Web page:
The inadvertent movement of infectious agents due to the wildlife trade is not limited to human pathogens but also affects pathogens of domestic animals and native wildlife. H5N1 type A influenza virus was recently isolated from 2 mountain hawk eagles illegally imported to Belgium from Thailand (18). A paramyxovirus highly pathogenic for domestic poultry entered Italy through a shipment of parrots, lovebirds, and finches imported from Pakistan for the pet trade (19). Monkeypox was introduced to a native rodent species and subsequently to humans in the United States by importing wild African rodents from Ghana for the US pet trade (20). Chytridiomycosis, a fungal disease now identified as a major cause of the extinction of 30% of amphibian species worldwide, has been spread by the international trade in African clawed frogs (21). Merit release of wild birds and reptiles that have passed through markets provides another avenue for introducing novel infectious agents into the wild (4) and warrants further attention (Figure).

Many diseases are transmitted through the same species of parasites carried by imported animals. For example, from November 1994 to January 1995, US Department of Agriculture personnel inspected 349 reptile shipments from 22 countries containing 117,690 animals. Ticks were removed from animals in 97 shipments, and infested shipments included 54,376 animals (22). Ticks carry many diseases that threaten livestock and human health, including heartwater disease, Lyme disease, and babesiosis.

The possibility of emerging infectious diseases spreading between persons and animals is rising, fueled by human activities ranging from the handling of bushmeat and the trade in exotic animals to the destruction or disturbance of wild habitat (2325). In a list of 1,415 human pathogens, 61% are known to be zoonotic, and multiple host pathogens are twice as likely to be associated with an emerging infectious disease of humans (26). Seventy seven percent of pathogens found in livestock are shared with other host species (27).

In addition to the direct health effects of the pathogens on persons and animals, animal-related disease outbreaks have caused hundreds of billions of dollars of economic damage globally, destabilizing trade and producing devastating effects on human livelihoods. The rash of emerging or reemerging livestock disease outbreaks around the world since the mid 1990s, including bovine spongiform encephalopathy, foot-and-mouth disease, avian influenza, swine fever, and other diseases, has cost the world's economies $80 billion (28). In early 2003, the United Nation's Food and Agriculture Organization reported that more than one third of the global meat trade was embargoed as a result of mad cow disease, avian influenza, and other livestock disease outbreaks. Efforts to control the spread of avian influenza in Asian countries since 2003 have required the culling of >140 million chickens (29). The projected growth of industrial livestock production in nonindustrialized countries to meet global protein demand will increase the impact of future disease outbreaks on economic and food supply security. Some of these outbreaks will inevitably be linked to the trade in wildlife.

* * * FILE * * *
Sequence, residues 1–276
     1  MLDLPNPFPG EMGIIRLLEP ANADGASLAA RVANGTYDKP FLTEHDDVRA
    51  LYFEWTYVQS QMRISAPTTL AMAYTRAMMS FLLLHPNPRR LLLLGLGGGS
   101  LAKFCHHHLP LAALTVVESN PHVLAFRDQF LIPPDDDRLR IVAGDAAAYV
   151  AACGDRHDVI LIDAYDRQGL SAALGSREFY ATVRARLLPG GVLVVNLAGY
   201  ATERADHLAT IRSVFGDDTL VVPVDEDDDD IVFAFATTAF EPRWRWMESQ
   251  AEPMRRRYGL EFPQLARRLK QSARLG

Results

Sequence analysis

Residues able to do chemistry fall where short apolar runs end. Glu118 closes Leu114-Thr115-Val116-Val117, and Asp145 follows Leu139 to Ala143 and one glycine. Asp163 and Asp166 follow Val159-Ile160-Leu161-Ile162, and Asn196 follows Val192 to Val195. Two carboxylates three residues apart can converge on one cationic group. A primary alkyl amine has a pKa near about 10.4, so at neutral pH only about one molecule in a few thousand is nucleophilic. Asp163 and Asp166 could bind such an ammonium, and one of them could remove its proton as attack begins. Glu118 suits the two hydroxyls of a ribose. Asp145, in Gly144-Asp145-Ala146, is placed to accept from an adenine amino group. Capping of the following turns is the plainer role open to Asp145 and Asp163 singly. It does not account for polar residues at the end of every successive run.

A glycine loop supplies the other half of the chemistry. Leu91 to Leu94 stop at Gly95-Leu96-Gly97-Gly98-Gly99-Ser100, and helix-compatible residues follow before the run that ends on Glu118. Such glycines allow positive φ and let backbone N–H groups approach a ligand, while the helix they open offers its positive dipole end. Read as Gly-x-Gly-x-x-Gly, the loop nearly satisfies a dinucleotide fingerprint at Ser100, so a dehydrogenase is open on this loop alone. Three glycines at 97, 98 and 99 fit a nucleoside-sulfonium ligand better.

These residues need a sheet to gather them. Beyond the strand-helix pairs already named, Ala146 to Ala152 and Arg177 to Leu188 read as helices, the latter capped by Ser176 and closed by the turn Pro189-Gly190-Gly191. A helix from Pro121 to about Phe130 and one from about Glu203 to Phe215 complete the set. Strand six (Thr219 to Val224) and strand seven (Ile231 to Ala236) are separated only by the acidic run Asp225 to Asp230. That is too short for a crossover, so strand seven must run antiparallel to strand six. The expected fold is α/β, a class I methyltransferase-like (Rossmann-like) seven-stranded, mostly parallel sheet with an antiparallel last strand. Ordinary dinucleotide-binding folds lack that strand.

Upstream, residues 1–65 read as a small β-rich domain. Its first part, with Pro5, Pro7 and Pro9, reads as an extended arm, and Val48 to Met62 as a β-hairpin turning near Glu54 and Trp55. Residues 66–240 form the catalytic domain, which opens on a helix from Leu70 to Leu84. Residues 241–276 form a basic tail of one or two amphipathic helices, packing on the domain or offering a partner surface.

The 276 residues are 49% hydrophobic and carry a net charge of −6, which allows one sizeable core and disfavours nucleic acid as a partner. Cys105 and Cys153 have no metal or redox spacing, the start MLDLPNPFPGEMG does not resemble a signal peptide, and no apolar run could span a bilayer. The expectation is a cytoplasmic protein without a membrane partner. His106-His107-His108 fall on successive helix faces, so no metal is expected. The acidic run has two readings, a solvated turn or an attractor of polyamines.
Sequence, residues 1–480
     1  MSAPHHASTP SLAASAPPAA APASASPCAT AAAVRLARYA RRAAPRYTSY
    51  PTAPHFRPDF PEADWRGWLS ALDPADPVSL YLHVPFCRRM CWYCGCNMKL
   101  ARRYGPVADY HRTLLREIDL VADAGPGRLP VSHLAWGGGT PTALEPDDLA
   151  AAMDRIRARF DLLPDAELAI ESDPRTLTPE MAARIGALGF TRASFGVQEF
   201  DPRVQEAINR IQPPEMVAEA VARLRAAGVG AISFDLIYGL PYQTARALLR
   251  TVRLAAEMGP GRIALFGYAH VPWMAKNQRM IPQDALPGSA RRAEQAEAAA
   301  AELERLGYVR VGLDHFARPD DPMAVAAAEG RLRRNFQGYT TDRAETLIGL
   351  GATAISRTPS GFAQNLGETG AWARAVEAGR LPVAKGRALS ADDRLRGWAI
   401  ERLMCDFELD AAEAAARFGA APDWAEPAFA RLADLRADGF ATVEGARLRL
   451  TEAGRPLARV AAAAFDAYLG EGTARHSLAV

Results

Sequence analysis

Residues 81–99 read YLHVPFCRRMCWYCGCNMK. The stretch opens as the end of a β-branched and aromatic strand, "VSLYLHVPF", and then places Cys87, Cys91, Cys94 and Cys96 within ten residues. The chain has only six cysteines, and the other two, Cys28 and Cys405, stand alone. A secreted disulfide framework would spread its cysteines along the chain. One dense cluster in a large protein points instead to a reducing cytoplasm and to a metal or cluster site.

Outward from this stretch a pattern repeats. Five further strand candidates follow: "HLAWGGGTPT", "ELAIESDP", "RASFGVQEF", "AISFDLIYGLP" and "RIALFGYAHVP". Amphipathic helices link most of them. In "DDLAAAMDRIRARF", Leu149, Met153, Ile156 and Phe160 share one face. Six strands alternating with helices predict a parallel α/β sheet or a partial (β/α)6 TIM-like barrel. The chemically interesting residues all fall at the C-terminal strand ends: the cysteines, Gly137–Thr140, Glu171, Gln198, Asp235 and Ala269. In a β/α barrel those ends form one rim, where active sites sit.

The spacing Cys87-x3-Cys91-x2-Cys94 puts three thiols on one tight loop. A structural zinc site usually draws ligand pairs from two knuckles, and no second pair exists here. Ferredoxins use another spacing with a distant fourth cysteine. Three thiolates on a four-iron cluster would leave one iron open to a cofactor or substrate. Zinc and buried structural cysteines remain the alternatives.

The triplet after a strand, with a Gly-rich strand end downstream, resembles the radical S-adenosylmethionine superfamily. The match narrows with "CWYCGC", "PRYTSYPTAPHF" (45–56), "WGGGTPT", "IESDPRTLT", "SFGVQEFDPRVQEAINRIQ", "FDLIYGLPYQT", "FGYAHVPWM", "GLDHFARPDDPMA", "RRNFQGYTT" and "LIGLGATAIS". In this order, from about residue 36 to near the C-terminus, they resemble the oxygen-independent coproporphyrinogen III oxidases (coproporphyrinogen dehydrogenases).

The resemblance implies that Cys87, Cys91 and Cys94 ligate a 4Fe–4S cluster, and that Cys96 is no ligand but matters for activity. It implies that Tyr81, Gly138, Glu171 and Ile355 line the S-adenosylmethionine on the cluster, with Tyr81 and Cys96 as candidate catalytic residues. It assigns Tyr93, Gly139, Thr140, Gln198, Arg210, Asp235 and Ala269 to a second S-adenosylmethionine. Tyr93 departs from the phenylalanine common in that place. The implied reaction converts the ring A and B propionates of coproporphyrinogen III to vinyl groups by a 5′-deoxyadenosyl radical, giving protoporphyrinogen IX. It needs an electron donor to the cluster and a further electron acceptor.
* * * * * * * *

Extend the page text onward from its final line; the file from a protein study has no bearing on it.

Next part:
Rather than attempting to eradicate pathogens or the wild species that may harbor them, a practical approach to decrease the risk for the spread of infectious diseases would include decreasing contact among species. Closing down retail poultry markets in Hong Kong for 1 day per month reduced the rate of H9N2 avian influenza virus in market birds (30). Little equivalent research has been conducted in market systems that sell wildlife, but an analogous approach to the precautionary principle (31) would be an appropriate action to take before the next outbreak or pandemic. Since wildlife markets are a system of networks with major hubs, these trading points provide practical control opportunities to maximize the effects of regulatory efforts (32). Focusing efforts at markets to regulate, reduce, or in some cases, eliminate the trade in wildlife could provide a cost-effective approach to decrease the risks for disease for humans, domestic animals, wildlife, and ecosystems.

Dr. Karesh is the director of the Wildlife Conservation Society's Field Veterinary Program and also serves as the co-chair of the World Conservation Union Veterinary Specialist Group. His projects and programs focus on the links between wildlife, domestic animals, and human health and well-being in nonindustrialized countries around the world.



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DOI: 10.3201/eid1107.050194

Table of Contents – Volume 11, Number 7—July 2005

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William B. Karesh, Wildlife Conservation Society, 2300 Southern Blvd, Bronx, NY 10460, USA; fax: 718-220-7126,

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Page created: April 24, 2012
Page updated: April 24, 2012
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The conclusions, findings, and opinions expressed by authors contributing to this journal do not necessarily reflect the official position of the U.S. Department of Health and Human Services, the Public Health Service, the Centers for Disease Control and Prevention, or the authors' affiliated institutions. Use of trade names is for identification only and does not imply endorsement by any of the groups named above.